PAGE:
There hasn’t been a lot of room for dissent in the last week, and precious less for history.
With mass, live-broadcast police raids, an obedient press have dutifully scribed the dire warnings of the Prime Minister. We may feel awkward about sending troops to the same nation for seemingly the same reason twice in little over a decade, but images of choppers flying over the Sydney suburbs help smooth any historical hindsight we might try to apply.
Those who raise so much as the slightest objection are shouted down as nothing less than “simple-minded”.
It was in this context that Randa Abdel-Fattah sat herself down between Justice Minister Michael Keenan and Tony Jones last night and took one for Team Australia.
In a series of enthralling monologues, Abdel-Fattah cut through the fear and hype that have blown all sense of déjà vu and perspective away. The author said what few others have been able to: there is a link between the actions of the West in the Middle East and the anger that comes back to our shores. And re-involvement in the region will only stoke that fire.
“There is a connection there, and it’s about time the West acknowledges the mess it makes. The fact is we are at risk now on our soil,” she said.
In front of a silenced audience, Abdel-Fattah reminded the nation that groups like Islamic State do not simply grow in an historical vacuum and that their anti-Western sentiment is fuelled by another history of atrocities. In Iraq, in Palestine, in the homes of civilians killed by US drone strikes.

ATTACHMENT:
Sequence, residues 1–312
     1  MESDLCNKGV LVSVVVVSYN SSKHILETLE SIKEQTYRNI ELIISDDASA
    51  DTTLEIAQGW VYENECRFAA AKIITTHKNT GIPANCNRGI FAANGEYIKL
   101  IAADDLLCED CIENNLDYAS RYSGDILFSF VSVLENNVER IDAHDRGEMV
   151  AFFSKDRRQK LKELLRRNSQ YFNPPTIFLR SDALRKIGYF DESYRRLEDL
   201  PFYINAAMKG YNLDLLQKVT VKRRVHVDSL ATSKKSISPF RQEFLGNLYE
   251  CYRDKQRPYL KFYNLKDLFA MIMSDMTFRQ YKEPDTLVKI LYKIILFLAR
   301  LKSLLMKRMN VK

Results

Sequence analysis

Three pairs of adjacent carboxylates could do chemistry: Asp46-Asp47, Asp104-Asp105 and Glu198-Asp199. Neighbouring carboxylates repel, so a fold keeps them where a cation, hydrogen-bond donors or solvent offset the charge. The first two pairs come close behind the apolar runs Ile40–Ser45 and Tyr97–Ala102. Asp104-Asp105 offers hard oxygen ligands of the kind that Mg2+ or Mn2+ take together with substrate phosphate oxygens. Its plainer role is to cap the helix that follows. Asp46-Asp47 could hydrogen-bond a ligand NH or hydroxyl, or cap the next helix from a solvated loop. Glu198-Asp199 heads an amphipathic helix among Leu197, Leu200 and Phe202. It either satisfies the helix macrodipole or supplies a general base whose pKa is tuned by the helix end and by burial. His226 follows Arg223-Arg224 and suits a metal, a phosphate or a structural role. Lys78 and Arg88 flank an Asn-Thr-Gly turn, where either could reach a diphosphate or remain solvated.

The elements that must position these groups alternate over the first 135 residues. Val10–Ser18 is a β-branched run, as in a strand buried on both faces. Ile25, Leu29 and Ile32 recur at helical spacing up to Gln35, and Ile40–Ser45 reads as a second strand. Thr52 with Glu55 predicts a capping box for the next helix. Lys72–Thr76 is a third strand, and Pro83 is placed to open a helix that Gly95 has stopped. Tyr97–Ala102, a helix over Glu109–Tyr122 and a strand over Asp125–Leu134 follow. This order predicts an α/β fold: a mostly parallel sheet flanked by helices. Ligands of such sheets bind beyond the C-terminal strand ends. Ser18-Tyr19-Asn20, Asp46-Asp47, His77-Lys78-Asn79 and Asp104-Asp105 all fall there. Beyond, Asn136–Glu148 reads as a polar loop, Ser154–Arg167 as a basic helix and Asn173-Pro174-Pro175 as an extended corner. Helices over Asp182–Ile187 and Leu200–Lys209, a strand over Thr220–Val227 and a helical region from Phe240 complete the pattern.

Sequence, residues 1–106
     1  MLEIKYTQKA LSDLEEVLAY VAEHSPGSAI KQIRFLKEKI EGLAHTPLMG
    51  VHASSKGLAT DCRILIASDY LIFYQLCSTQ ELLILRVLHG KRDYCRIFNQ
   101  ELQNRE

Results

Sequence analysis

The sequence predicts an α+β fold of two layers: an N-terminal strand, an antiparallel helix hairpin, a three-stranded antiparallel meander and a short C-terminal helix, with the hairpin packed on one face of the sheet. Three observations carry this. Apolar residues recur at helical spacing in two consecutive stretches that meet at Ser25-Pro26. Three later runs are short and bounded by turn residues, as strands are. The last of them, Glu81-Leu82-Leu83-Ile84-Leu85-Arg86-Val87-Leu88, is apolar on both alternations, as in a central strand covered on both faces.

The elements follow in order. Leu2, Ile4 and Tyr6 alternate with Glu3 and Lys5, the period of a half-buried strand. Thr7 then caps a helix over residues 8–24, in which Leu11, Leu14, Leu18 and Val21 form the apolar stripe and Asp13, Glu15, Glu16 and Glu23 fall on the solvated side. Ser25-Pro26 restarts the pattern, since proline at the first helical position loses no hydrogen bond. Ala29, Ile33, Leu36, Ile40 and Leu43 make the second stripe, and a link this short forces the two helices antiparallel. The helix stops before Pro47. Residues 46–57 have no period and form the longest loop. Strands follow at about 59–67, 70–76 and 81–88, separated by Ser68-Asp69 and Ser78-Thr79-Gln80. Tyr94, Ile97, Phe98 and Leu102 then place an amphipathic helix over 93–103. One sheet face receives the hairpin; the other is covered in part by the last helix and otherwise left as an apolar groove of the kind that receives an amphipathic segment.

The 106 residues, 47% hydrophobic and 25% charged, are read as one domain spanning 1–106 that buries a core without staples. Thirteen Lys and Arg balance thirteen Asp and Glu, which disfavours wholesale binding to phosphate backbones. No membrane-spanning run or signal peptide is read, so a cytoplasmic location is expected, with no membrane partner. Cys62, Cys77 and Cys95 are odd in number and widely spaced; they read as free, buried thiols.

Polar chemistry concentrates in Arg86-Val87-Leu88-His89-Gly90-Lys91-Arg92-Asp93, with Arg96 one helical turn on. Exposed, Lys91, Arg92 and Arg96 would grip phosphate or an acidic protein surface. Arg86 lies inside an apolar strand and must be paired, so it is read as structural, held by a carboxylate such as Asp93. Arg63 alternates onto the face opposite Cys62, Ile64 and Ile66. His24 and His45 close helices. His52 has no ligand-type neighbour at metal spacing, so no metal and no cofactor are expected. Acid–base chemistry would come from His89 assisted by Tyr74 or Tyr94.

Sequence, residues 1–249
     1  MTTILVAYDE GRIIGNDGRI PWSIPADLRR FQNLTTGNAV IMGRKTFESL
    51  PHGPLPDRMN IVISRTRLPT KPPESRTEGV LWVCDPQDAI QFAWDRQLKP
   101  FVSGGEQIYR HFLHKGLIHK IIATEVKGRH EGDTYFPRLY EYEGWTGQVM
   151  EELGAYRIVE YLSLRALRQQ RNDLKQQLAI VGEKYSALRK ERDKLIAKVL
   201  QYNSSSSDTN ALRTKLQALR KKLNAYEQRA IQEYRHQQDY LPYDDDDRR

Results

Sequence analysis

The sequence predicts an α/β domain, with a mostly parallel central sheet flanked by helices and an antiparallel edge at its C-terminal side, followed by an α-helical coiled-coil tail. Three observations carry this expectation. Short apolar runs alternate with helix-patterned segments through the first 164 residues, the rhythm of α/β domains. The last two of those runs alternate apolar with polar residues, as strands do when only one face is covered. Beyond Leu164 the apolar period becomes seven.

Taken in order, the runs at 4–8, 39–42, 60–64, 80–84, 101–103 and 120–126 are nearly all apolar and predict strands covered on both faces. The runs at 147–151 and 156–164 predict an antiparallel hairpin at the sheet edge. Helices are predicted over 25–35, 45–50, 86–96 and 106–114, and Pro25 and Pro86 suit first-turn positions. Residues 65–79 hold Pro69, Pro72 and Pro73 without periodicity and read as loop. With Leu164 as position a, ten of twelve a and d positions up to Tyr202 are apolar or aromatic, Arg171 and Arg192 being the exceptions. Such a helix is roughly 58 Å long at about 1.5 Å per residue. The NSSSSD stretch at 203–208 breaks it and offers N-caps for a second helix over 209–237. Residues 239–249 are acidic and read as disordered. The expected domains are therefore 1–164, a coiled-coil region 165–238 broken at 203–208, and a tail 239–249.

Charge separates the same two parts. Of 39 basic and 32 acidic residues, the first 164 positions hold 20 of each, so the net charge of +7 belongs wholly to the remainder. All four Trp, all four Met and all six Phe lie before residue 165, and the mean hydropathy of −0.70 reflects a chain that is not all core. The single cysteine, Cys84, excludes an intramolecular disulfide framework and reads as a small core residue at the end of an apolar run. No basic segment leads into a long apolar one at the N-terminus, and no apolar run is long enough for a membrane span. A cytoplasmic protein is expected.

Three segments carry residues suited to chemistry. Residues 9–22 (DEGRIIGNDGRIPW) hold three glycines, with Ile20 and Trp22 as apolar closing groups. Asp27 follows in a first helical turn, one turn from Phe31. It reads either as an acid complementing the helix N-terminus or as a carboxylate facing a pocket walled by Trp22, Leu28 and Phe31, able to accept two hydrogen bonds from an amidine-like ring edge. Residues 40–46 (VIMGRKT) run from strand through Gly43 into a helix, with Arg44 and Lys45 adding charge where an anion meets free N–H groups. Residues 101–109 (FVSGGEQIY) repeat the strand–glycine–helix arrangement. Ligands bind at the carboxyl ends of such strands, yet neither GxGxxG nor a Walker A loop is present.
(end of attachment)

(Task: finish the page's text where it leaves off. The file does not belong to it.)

“That doesn’t mean that everybody that is aggrieved by the way the West intervenes is going to be radicalized, but why is it that we choose to ignore that elephant in the room: the role of Western foreign policy in creating such an unjust world and particularly its role in creating the mess in the Middle East that we see.
“We go round in the West trying to cut down the trees, even as we plant the seeds of terrorism.”
Abdel-Fattah was backed by Curtin University research fellow Anne-Azza Aly, an expert in radicalisation and counter-terrorism.
“Yes, the fact is that our invasion of Iraq has played a large role in what’s happening now,” she said in response to a question from the audience.
The contributions made by the parliament were a poignant reminder that Q and A does its best work when it brings in expert voices from outside of the Canberra bubble, and pushes slightly fresher lines of argument in front of a mass audience.
In the face of Abdel-Fattah’s eloquence and Aly’s cool analysis, Keenan squirmed.
Pushed on whether Australia’s involvement in Iraq in 2003 had helped ferment the current crisis, he gave a telling response.
“I think it is a very misplaced thing for us to be going back and revisiting that history now,” he said.
The problem for Keenan is that we are not revisiting that history, it has returned to revisit us.
“We’re not going to be seduced by this circular logic that we have to go back to Iraq because the threat has increased when renewing our involvement increases the threat,” Abdel-Fattah fired.
“We’re not fools.”
Only at one point did Keenan manage to shoot back with any level of success, asking Abdel-Fattah whether she was comfortable leaving Islamic State to conquer Iraq, and whether she really believed this would not hurt Australia’s national interest.
“I shouldn’t have to support a war to say that I’m against ISIS,” she said. “There should be other solutions.”
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